Computers sometimes get fatigued and have nervous breakdowns, hence the chair for it to rest in. If you know your computer well, you can tell when it’s tired and sort of blue and in a funky mood. If such a condition seems imminent, turn rocker switch on for ten or twenty minutes. Your computer will love it and will work all the harder for you. Remember that if you treat your computer well, it will treat you well. When answer light has stopped flashing, turn master switch to off position. Machine will now recycle for the next question. Repeat procedure from the beginning.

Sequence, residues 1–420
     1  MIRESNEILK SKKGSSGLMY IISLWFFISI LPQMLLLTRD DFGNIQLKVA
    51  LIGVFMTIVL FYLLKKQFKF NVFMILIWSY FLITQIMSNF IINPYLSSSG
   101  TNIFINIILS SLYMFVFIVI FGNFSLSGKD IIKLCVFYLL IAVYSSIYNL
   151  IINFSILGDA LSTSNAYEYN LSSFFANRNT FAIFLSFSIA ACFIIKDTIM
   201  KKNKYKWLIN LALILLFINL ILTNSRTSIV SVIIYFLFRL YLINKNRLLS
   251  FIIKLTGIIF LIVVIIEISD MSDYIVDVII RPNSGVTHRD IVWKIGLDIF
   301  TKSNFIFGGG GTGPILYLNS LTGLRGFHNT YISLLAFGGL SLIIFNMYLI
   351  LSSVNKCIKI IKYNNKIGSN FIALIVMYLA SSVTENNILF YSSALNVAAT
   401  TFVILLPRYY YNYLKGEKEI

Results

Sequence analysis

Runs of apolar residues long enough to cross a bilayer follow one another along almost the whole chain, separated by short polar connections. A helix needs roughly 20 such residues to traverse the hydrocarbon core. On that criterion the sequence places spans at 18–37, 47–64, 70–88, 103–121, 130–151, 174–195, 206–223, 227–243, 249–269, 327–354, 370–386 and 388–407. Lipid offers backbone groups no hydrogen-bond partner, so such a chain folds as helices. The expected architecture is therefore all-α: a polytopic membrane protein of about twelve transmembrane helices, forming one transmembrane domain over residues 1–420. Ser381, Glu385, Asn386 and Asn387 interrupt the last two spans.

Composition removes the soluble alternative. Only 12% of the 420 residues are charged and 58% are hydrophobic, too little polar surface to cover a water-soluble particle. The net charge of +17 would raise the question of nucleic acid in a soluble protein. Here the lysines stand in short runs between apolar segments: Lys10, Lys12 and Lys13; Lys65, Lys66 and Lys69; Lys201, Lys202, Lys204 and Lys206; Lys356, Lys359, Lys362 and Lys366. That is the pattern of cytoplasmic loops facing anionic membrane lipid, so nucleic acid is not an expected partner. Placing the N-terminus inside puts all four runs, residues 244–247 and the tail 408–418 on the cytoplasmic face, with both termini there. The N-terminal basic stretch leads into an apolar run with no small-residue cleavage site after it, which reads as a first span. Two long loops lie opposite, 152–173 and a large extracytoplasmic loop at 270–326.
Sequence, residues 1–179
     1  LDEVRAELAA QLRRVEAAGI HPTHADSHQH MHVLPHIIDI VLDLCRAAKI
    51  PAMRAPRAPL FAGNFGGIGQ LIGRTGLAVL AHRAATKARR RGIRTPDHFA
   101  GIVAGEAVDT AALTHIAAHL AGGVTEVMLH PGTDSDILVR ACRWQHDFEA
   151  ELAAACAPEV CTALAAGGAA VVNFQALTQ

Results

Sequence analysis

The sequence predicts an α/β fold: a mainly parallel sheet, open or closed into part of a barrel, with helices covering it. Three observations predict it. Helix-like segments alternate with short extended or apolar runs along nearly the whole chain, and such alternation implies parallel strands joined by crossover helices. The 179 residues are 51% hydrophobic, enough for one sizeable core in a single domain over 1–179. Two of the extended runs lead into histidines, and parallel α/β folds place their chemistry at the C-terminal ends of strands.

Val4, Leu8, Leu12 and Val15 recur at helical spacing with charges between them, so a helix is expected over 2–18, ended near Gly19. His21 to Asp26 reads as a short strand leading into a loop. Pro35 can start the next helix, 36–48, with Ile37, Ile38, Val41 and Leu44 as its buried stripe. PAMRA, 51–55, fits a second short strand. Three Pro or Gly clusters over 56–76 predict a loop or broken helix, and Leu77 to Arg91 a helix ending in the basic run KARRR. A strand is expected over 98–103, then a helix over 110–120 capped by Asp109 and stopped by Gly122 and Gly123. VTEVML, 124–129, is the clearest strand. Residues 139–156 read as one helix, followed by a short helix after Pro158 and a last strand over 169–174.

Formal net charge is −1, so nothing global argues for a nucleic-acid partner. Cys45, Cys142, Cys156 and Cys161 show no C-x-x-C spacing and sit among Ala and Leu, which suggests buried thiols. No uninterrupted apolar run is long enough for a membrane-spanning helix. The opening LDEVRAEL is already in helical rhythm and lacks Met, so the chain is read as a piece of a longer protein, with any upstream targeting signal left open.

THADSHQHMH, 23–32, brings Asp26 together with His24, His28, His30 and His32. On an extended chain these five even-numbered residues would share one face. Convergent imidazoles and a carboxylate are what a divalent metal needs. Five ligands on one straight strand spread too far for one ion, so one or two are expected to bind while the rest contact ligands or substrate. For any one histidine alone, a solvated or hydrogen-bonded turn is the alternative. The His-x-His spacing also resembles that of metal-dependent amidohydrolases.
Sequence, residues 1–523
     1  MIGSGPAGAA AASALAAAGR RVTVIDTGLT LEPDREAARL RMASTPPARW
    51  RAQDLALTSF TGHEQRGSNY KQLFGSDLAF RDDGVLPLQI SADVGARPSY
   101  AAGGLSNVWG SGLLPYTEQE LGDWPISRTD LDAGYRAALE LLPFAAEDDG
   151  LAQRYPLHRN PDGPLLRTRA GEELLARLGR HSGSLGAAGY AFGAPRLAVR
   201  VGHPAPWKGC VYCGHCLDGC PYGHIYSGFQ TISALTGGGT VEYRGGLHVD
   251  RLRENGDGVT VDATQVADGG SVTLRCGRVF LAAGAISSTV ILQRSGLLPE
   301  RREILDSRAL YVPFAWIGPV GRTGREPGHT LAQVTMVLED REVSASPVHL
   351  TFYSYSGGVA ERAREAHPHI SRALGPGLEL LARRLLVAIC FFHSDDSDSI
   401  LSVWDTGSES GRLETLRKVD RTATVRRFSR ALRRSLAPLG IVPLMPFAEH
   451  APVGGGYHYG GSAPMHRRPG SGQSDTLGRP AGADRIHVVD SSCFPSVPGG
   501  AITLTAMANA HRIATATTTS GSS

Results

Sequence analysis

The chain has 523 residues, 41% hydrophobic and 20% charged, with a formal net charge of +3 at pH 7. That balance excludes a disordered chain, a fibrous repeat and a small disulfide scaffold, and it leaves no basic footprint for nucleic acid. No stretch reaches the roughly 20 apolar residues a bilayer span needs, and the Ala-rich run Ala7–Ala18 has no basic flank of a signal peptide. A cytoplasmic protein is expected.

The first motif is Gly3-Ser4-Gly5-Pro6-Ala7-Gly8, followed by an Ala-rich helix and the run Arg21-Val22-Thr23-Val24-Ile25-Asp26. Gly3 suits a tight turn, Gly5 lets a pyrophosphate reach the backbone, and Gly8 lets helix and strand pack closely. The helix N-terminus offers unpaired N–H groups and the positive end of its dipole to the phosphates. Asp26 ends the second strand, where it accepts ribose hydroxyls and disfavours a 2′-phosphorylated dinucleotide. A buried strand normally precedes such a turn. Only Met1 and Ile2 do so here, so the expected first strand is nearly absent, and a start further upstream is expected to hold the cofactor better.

While the work is now in too fragile a condition to permit visitor interaction, the computer is presented here in the on position with its bulbs illuminated, and will be rocked daily.
Ed Kienholz (October 23, 1927 – June 10, 1994) is acknowledged as a pioneer of is now known as installation art and assemblage art. The Friendly Grey Computer was photographed in the Museum of Modern Art in NYC.
Life Underground is the name of a series of whimsical bronze sculptures by artist Tom Otterness, which have inhabited the 8th Avenue and 14th Street Subway Station since 2001. The sculptures can be found all along the platforms for the A, C and E Trains and also the L Train, as well as literally all over the station. This sculpture of an anthropomorphic pay telephone is installed on one side of a support beam on the Uptown A, C and E platform.